When compared among nationally recognized professors and medical science researchers, Timothy Huerta, Ph.D. (Cal State LA) stands out among his peers. Currently the Associate Dean of Research Information Technology and Chief Research Information Officer for the Ohio State University College of Medicine and the Wexner Medical Center, he also leads an industry-university partnership from the National Science Foundation, provides strategic data to the Patient-Centered Outcomes Research Institute, and oversees a Healing Communities Study focused on reducing Opioid-related deaths in Ohio.
While the responsibilities and titles are impressive, he views his work from the servant leader perspective he learned as his chapter Commander in Sigma Nu. “My job now is to help the university be ready for where it needs to be in three years,” he says, “And not just where we need to be now.”
Huerta effectively filled that role during the onset of COVID-19 and in the subsequent years since.
COVID – Calculations and Complications
In January of 2020, as the coronavirus began its march across the United States, hospital admissions were on the rise, with patients suffering from severe respiratory distress. Huerta saw there were no treatments, no tests, and few answers.
By March 2020, universities from around the world, including OSU, were working with the Centers for Disease Control and Prevention (CDC) and other agencies to establish a test to identify COVID-19. But there was a glitch. Labs in research settings are set up differently than in emergency rooms, so tests built in university laboratories do not work in hospitals.
“No pathways existed to get test results from sequencer to hospital and on to the health officials that needed it,” explained Huerta.
What was needed was someone who understood both healthcare and scientific laboratories and how to close the gap between the two. Huerta knew how to fill that need.
In the early 2000s, his first post-doctorate job was with the US National Cancer Institute in Vancouver, Canada. He focused on the dynamics behind why people smoke, along with healthcare and epidemiology (the study of diseases) implications. Although his work was complex, Huerta sums it up as “implementation science.” The goal was to figure out how to get people to do what they know they need to do – like stop smoking.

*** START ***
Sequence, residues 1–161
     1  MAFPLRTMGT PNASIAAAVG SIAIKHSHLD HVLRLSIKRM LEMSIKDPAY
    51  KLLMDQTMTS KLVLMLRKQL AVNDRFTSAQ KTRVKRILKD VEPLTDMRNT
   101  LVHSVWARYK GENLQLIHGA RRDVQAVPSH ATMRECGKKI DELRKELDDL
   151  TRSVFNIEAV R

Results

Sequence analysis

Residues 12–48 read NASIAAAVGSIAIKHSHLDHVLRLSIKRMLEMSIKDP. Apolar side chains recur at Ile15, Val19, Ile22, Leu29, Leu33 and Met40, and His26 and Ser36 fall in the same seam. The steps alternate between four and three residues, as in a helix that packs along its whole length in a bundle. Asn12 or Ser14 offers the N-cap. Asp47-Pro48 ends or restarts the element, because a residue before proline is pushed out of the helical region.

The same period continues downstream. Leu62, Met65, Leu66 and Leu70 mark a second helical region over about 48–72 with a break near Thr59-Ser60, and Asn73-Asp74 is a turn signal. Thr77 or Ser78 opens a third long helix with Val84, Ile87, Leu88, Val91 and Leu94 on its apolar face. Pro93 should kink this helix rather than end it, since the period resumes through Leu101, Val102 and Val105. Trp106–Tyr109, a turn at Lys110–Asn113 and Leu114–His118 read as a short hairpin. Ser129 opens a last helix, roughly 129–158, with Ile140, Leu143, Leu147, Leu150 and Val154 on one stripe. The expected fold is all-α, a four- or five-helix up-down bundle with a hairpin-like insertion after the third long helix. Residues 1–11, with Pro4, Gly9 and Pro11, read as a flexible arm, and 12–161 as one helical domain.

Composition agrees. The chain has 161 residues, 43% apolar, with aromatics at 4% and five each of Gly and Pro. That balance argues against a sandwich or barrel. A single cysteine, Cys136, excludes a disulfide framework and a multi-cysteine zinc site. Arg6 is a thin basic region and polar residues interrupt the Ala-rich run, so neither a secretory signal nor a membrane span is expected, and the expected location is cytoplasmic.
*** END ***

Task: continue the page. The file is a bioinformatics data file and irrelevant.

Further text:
Huerta spent time researching how to help healthcare systems create collaborative networks by breaking down silos of information and resources to ensure patients had access to what they needed. “Getting people connected to doctors, and the doctors connected to other doctors, so they knew how to treat people was a big [focus] for me,” said Huerta, who in 2006 was named the first National Science Foundation’s faculty fellow to the National Center for Supercomputing Applications.
His knowledge of data and system applications was in high demand in the academic world. In 2013, after several years as a tenured professor at Texas Tech University, he was recruited to the Ohio State University with the mission of building a new program in health services research in the College of Medicine. “The opportunity to design systems and protocols that could directly impact peoples’ lives was too much to pass up,” Huerta said.
He began researching how people use information technology, including social media, to make decisions about their healthcare and how hospitals use technology to help individuals manage patient care. Huerta’s work and connections would prove crucial in the coming years as his research grew increasingly entwined with healthcare systems.
At the onset of COVID-19 in early 2020, few people understood how to assemble the technologies necessary to help the science, technology, and healthcare sectors respond. On the other hand, Huerta had spent his entire academic life understanding how people and technology needed to intersect. At OSU, he put that knowledge to work amid a global pandemic.